Even though you might call this a default intonation pattern, it is routinely overridden by stress rhythms imposed by the information structure which is expressed in English with its own stress patterns. If there is clearly a word that is more informative than others, it will receive more stress. Words that represent given, predictable, or assumed information are normally de-stressed.

Typically, such informative words come later in the sentence, because English speakers tend to place more informative and specific words later in the sentence, when there is a choice; however, such placement is by no means a requirement and stress is not directly driven by word placement. I could give such stress to any word in any of the sentences you have listed in your question without changing the order, except the second instance of "to" used to indicate an infinitive, which cannot contrast with any other word in such a position. You can also give such stress to multiple words in a sentence, but will often put them in a stress hierarchy to give more fine grained focus.

I read a book on the American accent which says that the primary stress is usually on the last content word in sentences. I think, in phonetics that is called the nuclear stress or final inflection. In the case above, that word is MILK.

I WENT to the STORE to BUY ↘︎MILK.

This is only one of many stress patterns that could be used for this sentence, and the pitch of "milk" would by no higher than the pitch of "Buy." If the speaker wanted to indicate that what was important about the utterance was "milk," the pitch of "milk" would be higher than the pitch of "BUY" and perhaps louder. All the rest would be "de-stressed," since it would be detail or what one would expect to take place when obtaining milk from outside the house is at issue.

Such a stress pattern focusing on "milk" might be expected if the full context was: "Since there was nothing to drink in the refrigerator, I went to the store to buy milk." In such a case, the fact of a shopping trip may not be surprising or particularly informative, but the choice of drink might be. It's almost as if you said: "Nothing in the fridge, so milk!" The rest is guessable detail. You could replace "buy" with "get" or "bring back" with the same pragmatic meaning; however, if you used the word "steal," this would be highly surprising and informative and would require that you stress that word in addition to the stress on "milk." You could also not stress "milk" and use the default intonation to indicate pragmatically that you took action because of the empty fridge, all else being unimportant detail.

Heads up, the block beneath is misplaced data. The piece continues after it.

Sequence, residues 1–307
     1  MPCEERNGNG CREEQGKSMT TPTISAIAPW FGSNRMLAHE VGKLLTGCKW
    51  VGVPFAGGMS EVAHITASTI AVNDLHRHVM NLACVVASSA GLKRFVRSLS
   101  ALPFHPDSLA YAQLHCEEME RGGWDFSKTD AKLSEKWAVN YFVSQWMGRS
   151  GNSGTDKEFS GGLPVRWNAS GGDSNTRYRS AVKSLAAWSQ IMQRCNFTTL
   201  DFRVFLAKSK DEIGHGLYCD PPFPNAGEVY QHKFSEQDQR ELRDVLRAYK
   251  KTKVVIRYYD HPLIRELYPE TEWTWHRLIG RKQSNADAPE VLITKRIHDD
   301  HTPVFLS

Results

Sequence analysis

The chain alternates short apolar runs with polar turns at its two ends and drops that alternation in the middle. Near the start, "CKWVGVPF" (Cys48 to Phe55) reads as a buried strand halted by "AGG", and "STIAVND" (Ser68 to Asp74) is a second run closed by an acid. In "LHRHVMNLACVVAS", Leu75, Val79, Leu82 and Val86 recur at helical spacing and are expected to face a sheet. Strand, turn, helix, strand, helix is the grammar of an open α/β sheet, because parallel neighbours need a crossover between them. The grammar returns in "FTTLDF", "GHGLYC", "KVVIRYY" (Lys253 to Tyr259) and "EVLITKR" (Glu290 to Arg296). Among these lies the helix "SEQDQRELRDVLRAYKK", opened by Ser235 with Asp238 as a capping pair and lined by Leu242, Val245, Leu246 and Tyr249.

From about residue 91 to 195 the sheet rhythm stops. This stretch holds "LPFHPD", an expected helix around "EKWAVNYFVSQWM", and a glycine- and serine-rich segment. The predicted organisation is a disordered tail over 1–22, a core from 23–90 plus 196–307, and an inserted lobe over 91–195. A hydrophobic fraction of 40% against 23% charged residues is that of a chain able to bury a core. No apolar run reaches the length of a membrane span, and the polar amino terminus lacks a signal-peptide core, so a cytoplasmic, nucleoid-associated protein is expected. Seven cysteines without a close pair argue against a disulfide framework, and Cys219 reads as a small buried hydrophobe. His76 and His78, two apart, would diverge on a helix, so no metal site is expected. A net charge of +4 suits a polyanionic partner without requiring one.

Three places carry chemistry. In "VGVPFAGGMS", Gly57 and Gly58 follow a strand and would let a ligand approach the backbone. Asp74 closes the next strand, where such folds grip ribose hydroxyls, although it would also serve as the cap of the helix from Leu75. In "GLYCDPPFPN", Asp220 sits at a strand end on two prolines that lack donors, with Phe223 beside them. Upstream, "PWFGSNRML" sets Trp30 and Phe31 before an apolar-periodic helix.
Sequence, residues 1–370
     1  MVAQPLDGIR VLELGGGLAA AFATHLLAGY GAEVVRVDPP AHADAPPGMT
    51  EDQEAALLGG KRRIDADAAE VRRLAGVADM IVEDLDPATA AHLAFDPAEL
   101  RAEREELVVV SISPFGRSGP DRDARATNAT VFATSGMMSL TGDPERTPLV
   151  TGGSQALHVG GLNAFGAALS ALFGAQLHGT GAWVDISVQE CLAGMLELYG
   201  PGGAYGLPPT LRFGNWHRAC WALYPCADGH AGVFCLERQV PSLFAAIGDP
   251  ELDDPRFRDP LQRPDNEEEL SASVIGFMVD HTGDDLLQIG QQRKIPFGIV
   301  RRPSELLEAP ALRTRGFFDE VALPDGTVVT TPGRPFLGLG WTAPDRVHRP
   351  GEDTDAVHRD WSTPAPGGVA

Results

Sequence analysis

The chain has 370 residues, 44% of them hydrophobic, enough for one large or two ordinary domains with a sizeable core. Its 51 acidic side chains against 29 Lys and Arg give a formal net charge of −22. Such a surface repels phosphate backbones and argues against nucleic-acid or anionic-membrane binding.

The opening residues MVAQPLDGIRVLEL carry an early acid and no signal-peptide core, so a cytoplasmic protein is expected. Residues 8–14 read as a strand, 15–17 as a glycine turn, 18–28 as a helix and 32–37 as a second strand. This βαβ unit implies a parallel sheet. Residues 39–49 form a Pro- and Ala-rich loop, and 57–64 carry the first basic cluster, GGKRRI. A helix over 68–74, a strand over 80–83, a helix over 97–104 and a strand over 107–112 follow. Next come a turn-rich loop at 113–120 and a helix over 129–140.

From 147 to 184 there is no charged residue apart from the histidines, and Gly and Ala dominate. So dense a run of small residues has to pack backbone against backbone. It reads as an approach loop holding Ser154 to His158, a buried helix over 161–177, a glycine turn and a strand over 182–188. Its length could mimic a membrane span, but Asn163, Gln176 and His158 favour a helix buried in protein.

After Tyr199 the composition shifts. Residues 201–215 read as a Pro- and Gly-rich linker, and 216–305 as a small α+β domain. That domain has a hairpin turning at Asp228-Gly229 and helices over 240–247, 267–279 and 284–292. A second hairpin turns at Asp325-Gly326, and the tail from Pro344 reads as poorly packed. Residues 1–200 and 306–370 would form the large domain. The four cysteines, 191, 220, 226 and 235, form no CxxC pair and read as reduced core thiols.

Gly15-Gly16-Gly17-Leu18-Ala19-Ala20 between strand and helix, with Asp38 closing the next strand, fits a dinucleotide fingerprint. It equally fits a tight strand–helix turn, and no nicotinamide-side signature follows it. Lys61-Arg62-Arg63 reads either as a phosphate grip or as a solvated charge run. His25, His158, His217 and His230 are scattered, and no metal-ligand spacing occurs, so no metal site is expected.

If, on the other hand, milk were already a topic of the conversation, the word "milk" would not receive stress. Imagine that the conversation is taking place where milk is normally delivered to a home, as used to be the case in the US. The full context could be: "Since the milkman had not yet arrived, I went to the store to buy milk." In this case, the fact that milk is what is bought is no longer informative and so the word "milk" would not receive stress. Instead, you might stress the word "store," since the source of the milk might be what is informative. The word "went" would not be stressed, since a trip to the store is what is expected when a store is invoked at all.

Now imagine that the full context was: "I was sitting in the park and feeling really thirsty, so I went to the store to buy milk." Here, you would probably stress both the words "store" and "milk." Both the source of a solution to your predicament and the particular type of drink are informative, so you would probably stress both "store" and "milk."

Now consider the sentence: "I went to buy milk at the store." You could stress either "milk" or "store" or both, depending on what implicit question your statement answers. If you stress the word "milk," the sentence would sound slightly awkward, since so many unstressed words would follow and so would commonly, but not obligatorily, be rearranged as "I went to the store to buy milk." Similarly, if you were to stress the word "store" in this last sentence, it would be better, but not obligatory, to use the first version where the main stress would be at the end. This preference for stressing words toward the end of the sentence is probably what lies behind your source stating that "the primary stress is usually on the last content word in sentences." This is usually the case, but it is not necessarily so.